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Communication between surgeons and pathologists has heightened significance in the frozen-section suite when critical decisions are being made. In liver transplantation, the assessment of a donor liver frequently includes the need for the assessment of steatosis because it has long been recognized that short-term allograft function may be adversely affected by >30% accumulation of steatosis, and the liver is a known target of lipid dysmetabolism, fat accumulation, and lipotoxicity in our population seemingly ubiquitously affected by obesity and the complexities of metabolic syndrome. The current study from the University of California Los Angeles[1] is the product of a prospective study of 201 procured donor livers. Features grossly observed by the retrieving surgeons, who were blinded to any results of possible contemporaneous liver biopsy, were catalogued. These features, used to determine the presence of ≤/≥30% macrovesicular steatosis and overall organ quality, were then compared with carefully determined histological findings from liver biopsy samples obtained from right and left livers and read by 2 pathologists blinded to the clinical results at a later time. Among the interesting findings were the following: experienced surgeons' observations of liver yellowness, rounded edges, and an absence of capsular scratch marks were all predictive of the presence of macrovesicular steatosis (large-droplet type). The corollary was that sharp edges and the presence of scratch marks correlated with nonsteatotic livers, regardless of observed yellowness. A decision tree analysis confirmed that all liver texture characteristics are more important as correlates with moderate or severe steatosis than any single correlate such as yellowness. As for predictions of the amount of steatosis, the study showed excellent prediction by the surgeons of <30% steatosis, but there was a lack of a significant correlation when macrosteatosis was >30%; in those cases, an underestimation of the amount of steatosis was found. The final recommendation of the study is for liver biopsy to be performed if there are concerns based on the aforementioned gross findings, but in the clinical setting in which pathology is not readily available, sharp liver edges and the presence of capsular scratch marks could be an assurance of a lack of significant steatosis (ie, >30%).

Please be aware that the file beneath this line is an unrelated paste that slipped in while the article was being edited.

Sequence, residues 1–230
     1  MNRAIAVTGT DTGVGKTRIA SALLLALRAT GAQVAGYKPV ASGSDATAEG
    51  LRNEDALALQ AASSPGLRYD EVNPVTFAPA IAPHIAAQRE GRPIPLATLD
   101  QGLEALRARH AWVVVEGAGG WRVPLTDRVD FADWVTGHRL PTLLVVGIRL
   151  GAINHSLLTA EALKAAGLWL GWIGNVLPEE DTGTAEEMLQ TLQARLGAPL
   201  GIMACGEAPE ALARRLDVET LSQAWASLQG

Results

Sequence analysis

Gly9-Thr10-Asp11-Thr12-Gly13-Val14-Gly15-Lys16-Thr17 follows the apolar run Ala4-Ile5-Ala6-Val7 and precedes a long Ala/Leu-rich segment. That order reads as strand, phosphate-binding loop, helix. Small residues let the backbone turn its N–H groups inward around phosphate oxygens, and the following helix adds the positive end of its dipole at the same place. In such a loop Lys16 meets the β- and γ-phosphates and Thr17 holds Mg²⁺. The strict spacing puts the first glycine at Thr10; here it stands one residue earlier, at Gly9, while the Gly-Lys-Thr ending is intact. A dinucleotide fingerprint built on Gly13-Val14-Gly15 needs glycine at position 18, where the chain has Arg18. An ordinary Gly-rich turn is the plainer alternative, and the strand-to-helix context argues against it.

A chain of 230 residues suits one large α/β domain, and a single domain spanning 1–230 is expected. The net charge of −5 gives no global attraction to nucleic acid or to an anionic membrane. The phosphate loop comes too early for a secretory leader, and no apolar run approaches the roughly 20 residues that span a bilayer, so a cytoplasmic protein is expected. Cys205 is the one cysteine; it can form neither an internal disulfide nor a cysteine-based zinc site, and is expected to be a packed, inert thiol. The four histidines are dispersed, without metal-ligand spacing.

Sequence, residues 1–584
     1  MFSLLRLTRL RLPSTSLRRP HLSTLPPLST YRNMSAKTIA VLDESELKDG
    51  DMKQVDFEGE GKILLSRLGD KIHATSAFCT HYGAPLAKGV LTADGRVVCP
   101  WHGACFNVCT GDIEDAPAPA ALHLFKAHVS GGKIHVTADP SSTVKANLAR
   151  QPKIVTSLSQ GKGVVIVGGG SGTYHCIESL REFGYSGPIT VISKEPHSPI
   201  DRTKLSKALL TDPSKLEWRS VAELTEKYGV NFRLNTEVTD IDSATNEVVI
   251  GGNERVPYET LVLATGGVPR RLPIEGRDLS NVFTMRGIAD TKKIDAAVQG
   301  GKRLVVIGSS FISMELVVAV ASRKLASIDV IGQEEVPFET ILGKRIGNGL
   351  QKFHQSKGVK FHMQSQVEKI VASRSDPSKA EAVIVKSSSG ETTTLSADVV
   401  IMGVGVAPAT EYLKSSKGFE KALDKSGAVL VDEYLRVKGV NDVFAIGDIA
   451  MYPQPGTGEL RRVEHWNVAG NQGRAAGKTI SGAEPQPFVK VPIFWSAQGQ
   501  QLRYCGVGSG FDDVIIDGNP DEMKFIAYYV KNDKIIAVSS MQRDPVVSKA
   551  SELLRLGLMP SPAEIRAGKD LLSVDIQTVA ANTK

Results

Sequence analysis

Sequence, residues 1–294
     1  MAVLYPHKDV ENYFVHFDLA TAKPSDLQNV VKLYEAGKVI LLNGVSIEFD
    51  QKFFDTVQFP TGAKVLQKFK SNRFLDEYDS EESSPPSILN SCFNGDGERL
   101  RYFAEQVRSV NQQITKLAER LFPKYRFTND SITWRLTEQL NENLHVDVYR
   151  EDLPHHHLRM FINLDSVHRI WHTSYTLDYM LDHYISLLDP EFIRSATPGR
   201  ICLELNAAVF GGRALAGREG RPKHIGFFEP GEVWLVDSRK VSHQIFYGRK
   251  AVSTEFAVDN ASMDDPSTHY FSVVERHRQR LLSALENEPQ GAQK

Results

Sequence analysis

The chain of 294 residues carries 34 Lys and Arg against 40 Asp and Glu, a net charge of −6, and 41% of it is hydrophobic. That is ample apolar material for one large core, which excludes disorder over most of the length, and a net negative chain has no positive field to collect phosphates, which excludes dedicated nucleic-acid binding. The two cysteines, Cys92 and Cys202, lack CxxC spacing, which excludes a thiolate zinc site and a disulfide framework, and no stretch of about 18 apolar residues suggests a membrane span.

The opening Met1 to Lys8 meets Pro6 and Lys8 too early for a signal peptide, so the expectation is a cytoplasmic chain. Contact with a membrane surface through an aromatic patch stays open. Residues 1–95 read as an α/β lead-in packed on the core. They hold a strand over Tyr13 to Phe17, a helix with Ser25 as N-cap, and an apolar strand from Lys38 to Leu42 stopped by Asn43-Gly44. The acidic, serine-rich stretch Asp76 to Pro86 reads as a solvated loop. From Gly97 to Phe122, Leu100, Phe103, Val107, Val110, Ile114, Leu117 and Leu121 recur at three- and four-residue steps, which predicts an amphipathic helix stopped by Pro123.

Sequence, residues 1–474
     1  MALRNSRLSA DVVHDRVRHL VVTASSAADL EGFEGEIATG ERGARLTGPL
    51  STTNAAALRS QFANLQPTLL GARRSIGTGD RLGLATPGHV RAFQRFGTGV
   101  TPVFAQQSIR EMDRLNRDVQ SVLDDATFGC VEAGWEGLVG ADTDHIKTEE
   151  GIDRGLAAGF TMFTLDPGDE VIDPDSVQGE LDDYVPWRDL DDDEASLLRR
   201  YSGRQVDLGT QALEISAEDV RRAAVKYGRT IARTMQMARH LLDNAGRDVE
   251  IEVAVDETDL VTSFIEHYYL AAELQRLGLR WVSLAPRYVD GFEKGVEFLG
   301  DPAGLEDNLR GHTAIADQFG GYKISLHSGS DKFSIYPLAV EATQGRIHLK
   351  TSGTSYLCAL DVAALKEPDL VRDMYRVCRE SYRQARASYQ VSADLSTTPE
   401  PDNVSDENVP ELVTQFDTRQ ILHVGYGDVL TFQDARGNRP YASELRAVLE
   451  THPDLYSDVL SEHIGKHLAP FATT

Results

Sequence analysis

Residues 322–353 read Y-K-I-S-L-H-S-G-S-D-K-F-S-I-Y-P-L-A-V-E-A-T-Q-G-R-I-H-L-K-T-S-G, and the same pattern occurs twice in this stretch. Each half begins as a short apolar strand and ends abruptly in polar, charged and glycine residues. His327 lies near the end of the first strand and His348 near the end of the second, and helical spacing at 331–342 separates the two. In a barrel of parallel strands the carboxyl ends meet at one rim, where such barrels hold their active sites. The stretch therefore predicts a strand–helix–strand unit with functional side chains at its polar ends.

Before there is a hopeful sigh of relief from the pathologists in the community who deal with these challenging donor biopsy samples as frozen sections (and often during nontraditional hours), a few comments in perspective are warranted. First, the histological findings of this study by Yersiz et al.[1] came entirely from formalin-fixed, paraffin-embedded, routinely stained liver biopsy samples that were presumably read during normal working (daylight) hours. Any frozen sections that had been taken during organ procurement were, by study design, not reviewed or otherwise included in the study. Although it is not specifically stated, the inferred rationale for this must have been that because liver biopsy was considered the gold standard for the determination of the amount of steatosis by the study's investigators, all involved understood and agreed that formalin-fixed, paraffin-embedded, routinely stained sections would provide the best results for the analysis. Somewhat ironically, however, a conclusion of the study is that if the procuring surgeon is adequately concerned about the possibility of >30% steatosis on the basis of the gross criteria discussed, immediate liver biopsy (ie, frozen-section analysis) is recommended. Although the authors acknowledge well-known shortcomings of frozen-section liver biopsy samples, they do not suggest how to overcome them. Thus, practicing pathologists will remain challenged by the distinction between fat vacuoles and artifactual spaces in frozen-section liver biopsy samples. This writer is not a proponent of the use of stains for fat such as Oil Red O, however, because they only delay interpretation, significantly increase the amount of steatosis identified, and cannot differentiate large- and small-droplet steatosis.